Radek Hábl is developing an evidence-based, holistic and systemic approach to transform the current unfair ecosystem of debt, spur close cooperation among key actors and bring a million of over-indebted and excluded Czech citizens back to society.
The New Idea
One of the most pressing social issues in Czechia is the extreme over-indebtedness of its people. As in other former communist countries grappling with this problem, the society and authorities are failing to deal with it. Over-indebtedness directly affects 10% of the Czech population. Thus, some 863,000 people took out loans and are now unable to honor their repayment, mostly due to predatory interest rates and extremely stringent conditions for declaring personal bankruptcy. The debt struggle leads to a chronic social exclusion and economic deprivation of entire families with substantial risks for the future of their children.
With that said, Radek is implementing a new approach to solving the Czech Republic’s over-indebtedness problem by reducing the number of people currently in debt and eliminating pathways to debt traps. To do so, Radek has developed and tested a holistic and systematic multi pronged intervention, based on Repossessions Mapping, an innovative tool providing crucial data about the problem; repossession is the seizure of someone’s property in order to obtain money owed.
Radek’s approach to the debt problem is to collect all relevant data, develop solutions tailored to personal circumstances and identify the most debt-stricken regions. Concurrently, he is also convening local authorities and civil society organizations to foster local preventive and correcting solutions. The Repossessions Map has visualized the debt problem into digestible and usable information that can be used to build specific action plans. For example, the Repossessions Map has allowed Czech local politicians to identify many more, previously unknown, victims of over-indebtedness and it also revealed that debt affects a wide array of Czech citizens in every city - neighbors, friends and even relatives. The Repossessions Map thus significantly raised the politician’s motivation to actively address the debt problem through steps that Radek and participating civil society organisations are suggesting. The awareness campaign Radek initiated was a big wake up call for Czech local municipalities, which previously underestimated the prevalence of debt in their districts.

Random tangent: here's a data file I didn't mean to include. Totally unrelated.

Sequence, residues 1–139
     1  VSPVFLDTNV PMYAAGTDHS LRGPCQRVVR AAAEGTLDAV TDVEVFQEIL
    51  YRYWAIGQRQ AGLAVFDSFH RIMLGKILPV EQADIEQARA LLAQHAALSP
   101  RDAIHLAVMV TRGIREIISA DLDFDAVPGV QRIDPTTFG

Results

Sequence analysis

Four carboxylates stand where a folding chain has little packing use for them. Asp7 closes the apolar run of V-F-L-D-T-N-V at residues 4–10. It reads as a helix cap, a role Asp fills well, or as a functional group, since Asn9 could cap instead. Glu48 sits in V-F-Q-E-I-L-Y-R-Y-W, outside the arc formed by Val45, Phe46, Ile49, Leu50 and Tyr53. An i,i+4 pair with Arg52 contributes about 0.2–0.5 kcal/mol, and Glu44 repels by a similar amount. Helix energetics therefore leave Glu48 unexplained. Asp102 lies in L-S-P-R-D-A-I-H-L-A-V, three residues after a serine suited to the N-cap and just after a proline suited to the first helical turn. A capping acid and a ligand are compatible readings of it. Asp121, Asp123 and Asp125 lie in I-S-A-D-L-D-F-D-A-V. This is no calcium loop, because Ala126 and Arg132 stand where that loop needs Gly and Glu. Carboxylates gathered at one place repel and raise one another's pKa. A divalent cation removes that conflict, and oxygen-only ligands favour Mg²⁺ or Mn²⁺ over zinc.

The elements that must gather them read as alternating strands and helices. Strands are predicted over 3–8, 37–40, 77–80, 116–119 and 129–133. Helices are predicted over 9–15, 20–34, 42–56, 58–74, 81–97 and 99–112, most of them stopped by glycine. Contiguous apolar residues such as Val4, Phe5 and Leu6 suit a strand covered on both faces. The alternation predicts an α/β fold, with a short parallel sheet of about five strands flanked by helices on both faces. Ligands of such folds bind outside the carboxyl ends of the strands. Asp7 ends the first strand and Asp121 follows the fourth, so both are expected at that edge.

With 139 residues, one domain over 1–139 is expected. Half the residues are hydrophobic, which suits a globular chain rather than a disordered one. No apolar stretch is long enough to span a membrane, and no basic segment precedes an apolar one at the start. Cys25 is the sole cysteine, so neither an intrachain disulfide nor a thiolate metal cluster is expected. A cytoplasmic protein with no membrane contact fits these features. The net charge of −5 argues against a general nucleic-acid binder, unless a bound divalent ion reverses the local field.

Radek also discovered the real causes of over-indebtedness, which has shattered the traditional understanding of how and why people become indebted. Old explanations for indebtedness were debtor´s unwillingness to pay, very low financial literacy or loans for Christmas presents. Radek proved instead that over-indebtedness it is not an individual problem, but a system phenomenon caused by legislative conditions. While two years ago everybody thought of over-indebtedness as an individual failure, now key actors and journalists understand it is a societal problem. Radek totally transformed the way how media and opinion makers cover this topic and gained airtime to lobby for major legislative changes, which would help people with excessive debt, as well as destigmatize debtors as a whole.
Radek has built and tested an impact-driven systemic solution. Within just three years, Radek has already achieved fundamental changes in how decision and opinion makers think about possible solutions to over-indebtedness and how the Czech media reflects this issue.
The debt trap affects 1 out of every 10 Czech citizens. Due to the current design of debt collection, every second person facing repossession orders has no chance to escape the debt trap for the rest of their life.
In the last 10 years, excessive personal debt has become a new phenomenon in former communist countries. Yet the true scope of indebtedness has remained hidden and underestimated; therefore it was ignored by government, media, and society at large. Radek Hábl initially worked on identifying the immensity of this societal problem and became the first person outside the Czech Repossession Chamber to access and analyze the data on excessive personal indebtedness. Through this work, Radek identified several alarming facts; for example, that some 493,000 of Czech citizens are facing at least 3 repossession orders. For this situation he coined the term “debt trap”, which is now used by politicians and journalists and experts. The aggregate debt is now at almost a trillion czech crowns ($45 billion) which is almost the same size of the entire Czech Republic GDP.
As mentioned above, the problem of over-indebtedness is commonly attributed to individual shortcomings, such as very low financial literacy, gambling or personal incompetence. Yet Radek’s data has proved this perception wrong. Indebtedness rather arises from unexpected, unfavorable circumstances in people's lives, including (a) loss of employment, (b) marriage breakdown, (c) disability or death of a close person, or (d) financial illiteracy exploited by so-called loan sharks who stimulate people to accept loans with plenty of fine print.